Complete Machining of Large Aerospace Parts
Machine Specialties Inc. needed to produce large parts with a constantly increasing degree of complexity. The M120 Millturn from WFL enables the shop to process large components in only one clamping.
Aerospace components can be difficult to machine because of their large sizes, which often keep companies like Machine Specialties Inc. (MSI) of Whitsett, North Carolina, from being able to process them in a single clamping. This can lead to problems in accuracy and increased machining time. However, with an M120 Millturn from WFL Millturn Technologies Inc. (Wixom, Michigan), MSI has been able to produce large, complex parts in a fraction of the time versus using multiple machines and setups.
MSI focuses on small-batch quantities (ranging from one to 50 parts) for the aerospace, energy and medical industries, as well as parts for high-speed machine tools. CEO Rob Simmons says that, beyond product quality, the company aspires to deliver the highest level of precision. This can be seen in the aircraft landing gear parts it produces in 300M steel for both commercial and military sectors.
In a 150,000-square-foot facility, the company’s 155 employees run 62 CNC machine tools for milling, turning and grinding. In the work-preparation phase, designs and drawings are prepared with a Pro/E CAD/CAM system, and a high number of the necessary CNC programs are created there as well. The company says its strength lies in the seamless process chain from data transfer to finishing the final workpiece.
To reduce throughput times for large parts, in particular, and especially in order to be able to work more efficiently on parts with a high proportion of rotationally symmetric operations, MSI purchased the M120 Millturn complete machining center and put it into operation at the end of 2010.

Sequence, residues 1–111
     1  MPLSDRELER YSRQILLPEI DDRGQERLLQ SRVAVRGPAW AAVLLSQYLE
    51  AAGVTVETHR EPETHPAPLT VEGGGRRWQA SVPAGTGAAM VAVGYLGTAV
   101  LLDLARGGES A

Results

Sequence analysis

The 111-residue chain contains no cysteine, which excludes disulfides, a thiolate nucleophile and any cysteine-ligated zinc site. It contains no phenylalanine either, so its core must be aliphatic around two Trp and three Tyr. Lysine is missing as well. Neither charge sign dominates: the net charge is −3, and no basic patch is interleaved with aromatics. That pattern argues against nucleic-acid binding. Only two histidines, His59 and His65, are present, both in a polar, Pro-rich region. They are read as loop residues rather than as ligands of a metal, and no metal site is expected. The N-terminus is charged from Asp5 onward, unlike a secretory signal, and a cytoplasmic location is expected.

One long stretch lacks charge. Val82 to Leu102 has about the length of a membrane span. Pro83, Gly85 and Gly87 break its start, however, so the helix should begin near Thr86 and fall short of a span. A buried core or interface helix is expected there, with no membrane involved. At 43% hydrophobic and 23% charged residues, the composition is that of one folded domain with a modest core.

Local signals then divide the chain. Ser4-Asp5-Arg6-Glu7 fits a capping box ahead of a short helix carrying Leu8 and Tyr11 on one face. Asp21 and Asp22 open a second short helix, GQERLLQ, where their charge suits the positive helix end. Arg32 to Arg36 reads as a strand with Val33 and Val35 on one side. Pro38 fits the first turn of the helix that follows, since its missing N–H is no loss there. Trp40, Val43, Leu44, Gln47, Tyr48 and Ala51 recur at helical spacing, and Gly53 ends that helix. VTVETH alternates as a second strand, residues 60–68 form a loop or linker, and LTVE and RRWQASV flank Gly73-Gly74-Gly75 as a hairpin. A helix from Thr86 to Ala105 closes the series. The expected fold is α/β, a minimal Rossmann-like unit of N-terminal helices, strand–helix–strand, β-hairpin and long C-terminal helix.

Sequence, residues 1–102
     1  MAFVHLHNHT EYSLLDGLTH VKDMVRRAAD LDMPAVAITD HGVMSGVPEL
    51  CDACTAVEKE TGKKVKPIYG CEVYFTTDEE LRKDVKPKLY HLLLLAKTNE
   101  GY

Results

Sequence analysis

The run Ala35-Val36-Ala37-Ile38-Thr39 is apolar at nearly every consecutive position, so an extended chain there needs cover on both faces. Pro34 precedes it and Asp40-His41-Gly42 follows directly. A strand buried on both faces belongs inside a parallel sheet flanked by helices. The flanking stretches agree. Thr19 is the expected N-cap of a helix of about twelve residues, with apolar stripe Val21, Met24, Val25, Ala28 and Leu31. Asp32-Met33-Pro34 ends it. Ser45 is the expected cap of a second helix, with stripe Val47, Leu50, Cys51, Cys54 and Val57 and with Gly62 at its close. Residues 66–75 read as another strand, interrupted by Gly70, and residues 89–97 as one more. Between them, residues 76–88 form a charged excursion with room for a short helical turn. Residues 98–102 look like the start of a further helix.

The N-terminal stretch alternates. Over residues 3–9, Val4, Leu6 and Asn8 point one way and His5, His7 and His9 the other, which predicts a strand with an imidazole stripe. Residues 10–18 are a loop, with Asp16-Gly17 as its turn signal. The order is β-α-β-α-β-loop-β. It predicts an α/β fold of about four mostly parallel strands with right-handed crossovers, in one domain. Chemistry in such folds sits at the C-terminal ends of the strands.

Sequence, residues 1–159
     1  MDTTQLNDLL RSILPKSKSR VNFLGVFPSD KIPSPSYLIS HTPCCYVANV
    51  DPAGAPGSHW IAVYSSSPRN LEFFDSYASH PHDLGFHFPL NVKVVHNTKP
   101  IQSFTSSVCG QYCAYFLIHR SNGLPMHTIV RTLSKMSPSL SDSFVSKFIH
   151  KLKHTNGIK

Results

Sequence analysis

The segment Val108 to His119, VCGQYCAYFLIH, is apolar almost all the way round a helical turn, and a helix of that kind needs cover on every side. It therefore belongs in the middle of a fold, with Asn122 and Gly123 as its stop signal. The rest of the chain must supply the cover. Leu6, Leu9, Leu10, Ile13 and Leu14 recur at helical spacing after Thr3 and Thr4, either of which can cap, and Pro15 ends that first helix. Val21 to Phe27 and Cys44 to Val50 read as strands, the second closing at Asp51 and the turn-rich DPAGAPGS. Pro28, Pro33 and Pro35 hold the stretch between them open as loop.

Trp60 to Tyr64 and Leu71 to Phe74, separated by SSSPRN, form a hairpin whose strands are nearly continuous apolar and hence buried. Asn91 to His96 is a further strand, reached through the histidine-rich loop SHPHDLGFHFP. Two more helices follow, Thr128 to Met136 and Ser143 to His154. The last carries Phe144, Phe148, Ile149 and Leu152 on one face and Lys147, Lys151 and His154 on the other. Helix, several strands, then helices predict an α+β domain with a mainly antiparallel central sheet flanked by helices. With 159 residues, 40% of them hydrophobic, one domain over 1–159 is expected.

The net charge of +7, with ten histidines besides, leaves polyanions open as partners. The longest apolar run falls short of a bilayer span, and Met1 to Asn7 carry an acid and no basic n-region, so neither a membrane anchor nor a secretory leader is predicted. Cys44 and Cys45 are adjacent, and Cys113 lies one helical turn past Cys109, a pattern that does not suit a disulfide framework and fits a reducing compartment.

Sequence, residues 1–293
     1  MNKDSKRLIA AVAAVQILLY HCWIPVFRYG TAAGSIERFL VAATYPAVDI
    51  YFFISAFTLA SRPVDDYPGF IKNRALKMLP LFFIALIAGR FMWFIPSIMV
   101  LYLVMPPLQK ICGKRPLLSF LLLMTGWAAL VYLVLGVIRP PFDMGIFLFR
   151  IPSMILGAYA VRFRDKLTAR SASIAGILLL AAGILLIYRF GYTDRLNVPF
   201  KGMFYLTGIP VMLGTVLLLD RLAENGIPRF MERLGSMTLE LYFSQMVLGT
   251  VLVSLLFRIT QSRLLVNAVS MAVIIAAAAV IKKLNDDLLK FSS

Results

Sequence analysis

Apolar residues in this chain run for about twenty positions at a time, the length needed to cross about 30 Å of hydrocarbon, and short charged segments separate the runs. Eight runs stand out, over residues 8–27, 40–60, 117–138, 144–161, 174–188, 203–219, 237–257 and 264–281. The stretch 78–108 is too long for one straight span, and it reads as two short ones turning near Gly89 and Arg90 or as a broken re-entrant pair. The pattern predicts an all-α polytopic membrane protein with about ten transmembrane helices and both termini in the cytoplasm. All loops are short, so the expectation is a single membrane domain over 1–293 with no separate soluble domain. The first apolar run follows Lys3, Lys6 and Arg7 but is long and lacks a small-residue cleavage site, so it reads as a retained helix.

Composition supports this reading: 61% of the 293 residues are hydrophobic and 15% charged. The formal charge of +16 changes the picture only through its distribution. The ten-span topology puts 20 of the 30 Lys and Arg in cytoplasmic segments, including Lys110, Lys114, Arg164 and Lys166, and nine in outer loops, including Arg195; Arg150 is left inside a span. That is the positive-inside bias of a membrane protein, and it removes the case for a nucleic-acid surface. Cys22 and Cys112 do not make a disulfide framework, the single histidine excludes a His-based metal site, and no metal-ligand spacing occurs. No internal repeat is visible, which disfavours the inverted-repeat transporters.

With its centers distance of 5 meters and turning diameter of 1,100 mm, it is possible to process very large components in only one clamping, says Ben Baggerly, U.S. sales manager at WFL. The Y axis features 650 mm of travel to offer sufficient clearance for comprehensive machining operations in the radial plane, and a 55-kW (74-hp) B-axis milling spindle provides sufficient power reserves for demanding machining operations, he says.
The B axis enables active compensation of long and heavy tools, and can counteract cutting forces with a holding torque of 15,000 Nm. It can be indexed in 2.5-degree increments and held in place with an additional hydraulic clamping using a Hirth coupling. The B axis can be pivoted by a total of +90/−110 degrees and allows inclined boring or milling operations, depending on the tool. The 80-bar (1,180-psi) cutting fluid pressure can be fed directly to the tool via the standard tool attachment.
The automatic toolchanger carousel offers 90 stations to hold a variety of cutters. An additional pick-up station located above the headstock offers space for two boring tools as long as 65 inches. These are held in the WFL prism tool interface via a dovetail guide aligned parallel to the standard tool coupling. The tool is mechanically clamped into this guide and additionally held by the standard coupling.
The M120 Millturn, featuring a Sinumerik 840D CNC, is also equipped with a U axis, which also enables drilling and hollowing operations outside of the center of the rotating workpiece without reclamping. This is especially beneficial for manufacturing aircraft landing gear.
“The possibility of machining complete landing gear parts on the M120 Millturn in a single clamping step has reduced the throughput times at MSI by a factor of 10 in this case,” Mr. Baggerly says. “This avoids machine changes that were previously necessary, which saves on valuable setup time. What used to take several months can now be completed in a few weeks. Only intermediate steps, such as sandblasting or shot peening, still need to be performed separately.”
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